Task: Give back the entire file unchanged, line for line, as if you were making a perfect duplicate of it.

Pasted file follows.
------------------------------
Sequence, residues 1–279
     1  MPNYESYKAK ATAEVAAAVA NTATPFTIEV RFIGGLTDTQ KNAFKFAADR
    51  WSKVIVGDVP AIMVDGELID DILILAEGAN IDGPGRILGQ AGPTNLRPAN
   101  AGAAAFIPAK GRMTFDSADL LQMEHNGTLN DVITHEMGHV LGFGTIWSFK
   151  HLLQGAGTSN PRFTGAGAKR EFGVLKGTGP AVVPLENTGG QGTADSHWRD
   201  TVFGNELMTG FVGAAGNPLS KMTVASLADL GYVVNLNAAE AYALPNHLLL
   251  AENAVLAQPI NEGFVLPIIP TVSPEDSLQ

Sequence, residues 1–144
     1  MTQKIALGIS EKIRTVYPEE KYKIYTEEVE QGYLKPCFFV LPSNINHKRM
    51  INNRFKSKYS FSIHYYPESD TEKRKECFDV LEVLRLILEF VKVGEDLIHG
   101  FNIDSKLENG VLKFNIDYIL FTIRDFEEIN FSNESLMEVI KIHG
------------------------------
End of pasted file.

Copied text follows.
Sequence, residues 1–279
     1  MPNYESYKAK ATAEVAAAVA NTATPFTIEV RFIGGLTDTQ KNAFKFAADR
    51  WSKVIVGDVP AIMVDGELID DILILAEGAN IDGPGRILGQ AGPTNLRPAN
   101  AGAAAFIPAK GRMTFDSADL LQMEHNGTLN DVITHEMGHV LGFGTIWSFK
   151  HLLQGAGTSN PRFTGAGAKR EFGVLKGTGP AVVPLENTGG QGTADSHWRD
   201  TVFGNELMTG FVGAAGNPLS KMTVASLADL GYVVNLNAAE AYALPNHLLL
   251  AENAVLAQPI NEGFVLPIIP TVSPEDSLQ

Sequence, residues 1–144
     1  MTQKIALGIS EKIRTVYPEE KYKIYTEEVE QGYLKPCFFV LPSNINHKRM
    51  INNRFKSKYS FSIHYYPESD TEKRKECFDV LEVLRLILEF VKVGEDLIHG
   101  FNIDSKLENG VLKFNIDYIL FTIRDFEEIN FSNESLMEVI KIHG